For Facebook, there’s sending friend requests, and for Google Plus, you add people to your circles. But as anyone who has a Twitter handle knows, on Twitter, we follow and we tweet at people.
Enter today’s #FollowFriday, or #FF. If you’ve been on Twitter and don’t know what this is, it’s a Friday standby where Twitter users recommend a list of accounts to others. For example, you might tweet, “#FF @itworldca @itbusinessca @compdealernews” to encourage your followers to follow these accounts, especially if you see value in their tweets.
This week we’ve found an eclectic mix of people including a Canadian federal agency CIO, the head of a Montreal security consultancy and a B.C. -based high speed network researcher.
I interviewed Eric Parent, president of Montreal’s Logicnet on Thursday about his company’s report that some 40,000 servers in Canada, France and Switzerland hadn’t been patched for the Heartbleed vulnerability a month after news broke around the world about the problem.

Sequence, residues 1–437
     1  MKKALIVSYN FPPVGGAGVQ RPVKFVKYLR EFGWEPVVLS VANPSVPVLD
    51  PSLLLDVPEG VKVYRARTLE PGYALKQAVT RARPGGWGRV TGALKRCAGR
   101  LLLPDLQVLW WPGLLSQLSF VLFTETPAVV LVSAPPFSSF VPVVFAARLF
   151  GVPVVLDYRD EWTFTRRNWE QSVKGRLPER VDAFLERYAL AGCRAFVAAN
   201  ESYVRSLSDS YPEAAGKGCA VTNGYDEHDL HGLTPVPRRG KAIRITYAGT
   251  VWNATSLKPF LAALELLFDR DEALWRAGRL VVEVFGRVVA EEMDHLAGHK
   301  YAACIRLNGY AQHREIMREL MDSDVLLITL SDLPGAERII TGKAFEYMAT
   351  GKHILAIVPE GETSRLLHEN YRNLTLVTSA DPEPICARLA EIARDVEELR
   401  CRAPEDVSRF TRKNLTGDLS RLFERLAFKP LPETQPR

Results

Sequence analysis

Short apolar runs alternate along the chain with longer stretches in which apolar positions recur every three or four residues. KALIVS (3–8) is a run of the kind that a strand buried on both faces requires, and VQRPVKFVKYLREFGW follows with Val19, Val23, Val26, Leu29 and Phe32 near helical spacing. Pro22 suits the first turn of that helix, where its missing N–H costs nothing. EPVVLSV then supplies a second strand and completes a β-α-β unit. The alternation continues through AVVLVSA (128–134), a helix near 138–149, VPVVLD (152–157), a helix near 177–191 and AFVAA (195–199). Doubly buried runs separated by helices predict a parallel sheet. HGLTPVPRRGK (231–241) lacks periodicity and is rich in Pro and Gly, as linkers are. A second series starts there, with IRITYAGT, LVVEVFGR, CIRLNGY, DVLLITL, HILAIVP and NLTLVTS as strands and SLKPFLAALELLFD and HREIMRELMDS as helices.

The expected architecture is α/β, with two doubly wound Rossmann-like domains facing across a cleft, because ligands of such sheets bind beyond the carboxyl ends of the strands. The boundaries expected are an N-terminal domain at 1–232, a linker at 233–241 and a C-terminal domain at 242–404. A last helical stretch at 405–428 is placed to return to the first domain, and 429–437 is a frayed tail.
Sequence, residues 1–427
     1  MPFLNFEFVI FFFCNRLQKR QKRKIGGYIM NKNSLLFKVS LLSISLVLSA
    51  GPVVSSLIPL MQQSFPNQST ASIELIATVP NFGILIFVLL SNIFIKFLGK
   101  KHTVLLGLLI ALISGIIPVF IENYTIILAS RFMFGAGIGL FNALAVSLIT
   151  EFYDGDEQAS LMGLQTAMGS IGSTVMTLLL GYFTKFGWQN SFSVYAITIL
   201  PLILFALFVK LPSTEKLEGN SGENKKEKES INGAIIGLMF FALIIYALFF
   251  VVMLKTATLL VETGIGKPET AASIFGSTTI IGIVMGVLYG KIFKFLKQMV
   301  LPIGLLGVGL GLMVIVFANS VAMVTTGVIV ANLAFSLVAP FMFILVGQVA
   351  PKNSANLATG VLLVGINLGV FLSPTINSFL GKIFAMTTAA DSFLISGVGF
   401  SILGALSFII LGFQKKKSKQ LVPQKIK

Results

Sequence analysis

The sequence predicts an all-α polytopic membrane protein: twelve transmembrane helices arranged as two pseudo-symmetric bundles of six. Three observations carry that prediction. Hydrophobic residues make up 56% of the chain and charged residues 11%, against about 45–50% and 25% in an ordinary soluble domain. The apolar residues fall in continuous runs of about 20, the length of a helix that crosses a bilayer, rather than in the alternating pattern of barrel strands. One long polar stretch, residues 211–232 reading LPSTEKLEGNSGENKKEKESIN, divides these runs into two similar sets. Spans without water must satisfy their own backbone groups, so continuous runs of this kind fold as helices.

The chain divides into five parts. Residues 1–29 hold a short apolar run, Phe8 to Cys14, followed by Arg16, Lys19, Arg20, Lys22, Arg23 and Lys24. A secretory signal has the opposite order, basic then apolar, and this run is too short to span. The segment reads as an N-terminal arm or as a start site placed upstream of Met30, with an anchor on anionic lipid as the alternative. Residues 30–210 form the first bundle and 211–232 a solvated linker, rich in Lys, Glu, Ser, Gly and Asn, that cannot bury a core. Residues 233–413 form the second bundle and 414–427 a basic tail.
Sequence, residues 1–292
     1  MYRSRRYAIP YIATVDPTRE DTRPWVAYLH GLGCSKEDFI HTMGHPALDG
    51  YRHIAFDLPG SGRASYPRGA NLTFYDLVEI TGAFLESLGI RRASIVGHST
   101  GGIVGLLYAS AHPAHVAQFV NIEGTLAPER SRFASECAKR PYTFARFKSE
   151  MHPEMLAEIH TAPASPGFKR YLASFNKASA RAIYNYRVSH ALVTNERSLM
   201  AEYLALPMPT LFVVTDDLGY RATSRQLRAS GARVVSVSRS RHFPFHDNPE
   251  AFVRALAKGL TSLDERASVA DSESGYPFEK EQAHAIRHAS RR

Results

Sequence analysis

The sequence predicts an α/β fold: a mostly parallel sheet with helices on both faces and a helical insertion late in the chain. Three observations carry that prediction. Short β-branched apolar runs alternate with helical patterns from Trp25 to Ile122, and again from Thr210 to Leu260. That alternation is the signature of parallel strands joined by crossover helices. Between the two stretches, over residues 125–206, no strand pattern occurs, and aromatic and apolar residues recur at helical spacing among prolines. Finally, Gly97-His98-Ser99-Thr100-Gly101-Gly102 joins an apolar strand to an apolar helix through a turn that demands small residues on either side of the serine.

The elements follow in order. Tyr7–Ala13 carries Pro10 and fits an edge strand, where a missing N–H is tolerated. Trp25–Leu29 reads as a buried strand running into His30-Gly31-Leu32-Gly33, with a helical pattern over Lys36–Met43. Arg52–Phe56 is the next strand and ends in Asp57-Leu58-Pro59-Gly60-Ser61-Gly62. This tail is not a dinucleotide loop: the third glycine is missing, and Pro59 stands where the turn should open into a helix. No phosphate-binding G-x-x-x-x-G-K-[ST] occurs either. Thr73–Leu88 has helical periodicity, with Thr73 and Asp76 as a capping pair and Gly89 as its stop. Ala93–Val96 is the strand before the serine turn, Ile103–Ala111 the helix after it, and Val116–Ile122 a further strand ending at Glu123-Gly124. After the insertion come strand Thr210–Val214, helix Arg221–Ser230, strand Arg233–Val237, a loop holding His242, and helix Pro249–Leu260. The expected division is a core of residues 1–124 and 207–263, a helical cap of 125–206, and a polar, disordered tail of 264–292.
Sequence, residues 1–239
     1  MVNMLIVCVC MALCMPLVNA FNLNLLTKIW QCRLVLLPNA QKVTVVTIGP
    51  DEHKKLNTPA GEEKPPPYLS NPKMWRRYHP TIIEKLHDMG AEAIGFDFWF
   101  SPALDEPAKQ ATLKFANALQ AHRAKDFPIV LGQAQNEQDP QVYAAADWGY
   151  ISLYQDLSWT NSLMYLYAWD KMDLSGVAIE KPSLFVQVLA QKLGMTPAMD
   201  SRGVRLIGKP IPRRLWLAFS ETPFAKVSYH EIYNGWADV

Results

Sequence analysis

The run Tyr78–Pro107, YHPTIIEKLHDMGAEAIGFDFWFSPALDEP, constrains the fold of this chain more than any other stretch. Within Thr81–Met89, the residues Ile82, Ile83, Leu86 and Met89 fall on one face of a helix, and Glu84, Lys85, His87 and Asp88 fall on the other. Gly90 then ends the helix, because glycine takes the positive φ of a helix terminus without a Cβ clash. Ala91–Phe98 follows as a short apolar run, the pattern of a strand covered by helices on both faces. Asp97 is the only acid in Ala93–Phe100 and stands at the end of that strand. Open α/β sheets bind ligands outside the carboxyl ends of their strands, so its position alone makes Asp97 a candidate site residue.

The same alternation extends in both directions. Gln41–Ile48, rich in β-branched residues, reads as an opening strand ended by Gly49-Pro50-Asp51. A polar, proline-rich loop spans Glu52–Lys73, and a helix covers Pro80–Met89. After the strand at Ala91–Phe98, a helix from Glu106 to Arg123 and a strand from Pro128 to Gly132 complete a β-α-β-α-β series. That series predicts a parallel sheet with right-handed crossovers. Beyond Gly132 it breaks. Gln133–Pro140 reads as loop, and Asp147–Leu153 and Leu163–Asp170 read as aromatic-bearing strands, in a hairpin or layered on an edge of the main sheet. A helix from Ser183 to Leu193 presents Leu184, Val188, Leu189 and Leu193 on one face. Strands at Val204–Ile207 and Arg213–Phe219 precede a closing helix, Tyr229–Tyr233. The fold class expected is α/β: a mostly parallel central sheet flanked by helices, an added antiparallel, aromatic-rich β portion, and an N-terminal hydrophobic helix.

That study ended May 5; Logicnet is compiling a new one that will be released early in June to see how things have changed in the last four weeks.
IT WORLD CANADA – HEARTBLEED IN CANADA http://t.co/Rp0SYIgs4A
— Eric Parent (@ericparent) May 21, 2014
His tweets are almost always security-related.
Jacques Mailloux is the CIO of Elections Canada, which has been in the news recently with the Harper government’s controversial Fair Elections Act (C-23). Mailloux, of course, doesn’t comment on anything before Parliament but he does draw attention to a wide variety including the availability of Wi-Fi at Ottawa city hall, freedom of information in Australia and certain in-your-face IT marketing.
— Jacques Mailloux (@6t6qt) May 21, 2014
Finally, the University of Victoria’s Ian Gable was in the news this week as a technical leader on a team that demonstrated the transmission of data at just under 100 Gbps between the Large Hadron Collider at the CERN Laboratory in Switzerland and physicists in Ottawa. The collider, in case you don’t know, smashes particles together, producing huge amounts of data.
— Ian Gable (@igable) May 20, 2014
Gable works in the university’s high energy physics group as a member of HEPnet, a data network for physics researchers. His tweets range from links to deeply technical reports on CERN’s IT department (one of its data centres has 780 servers) to U.S. policy on net neutrality to OpenFlow.
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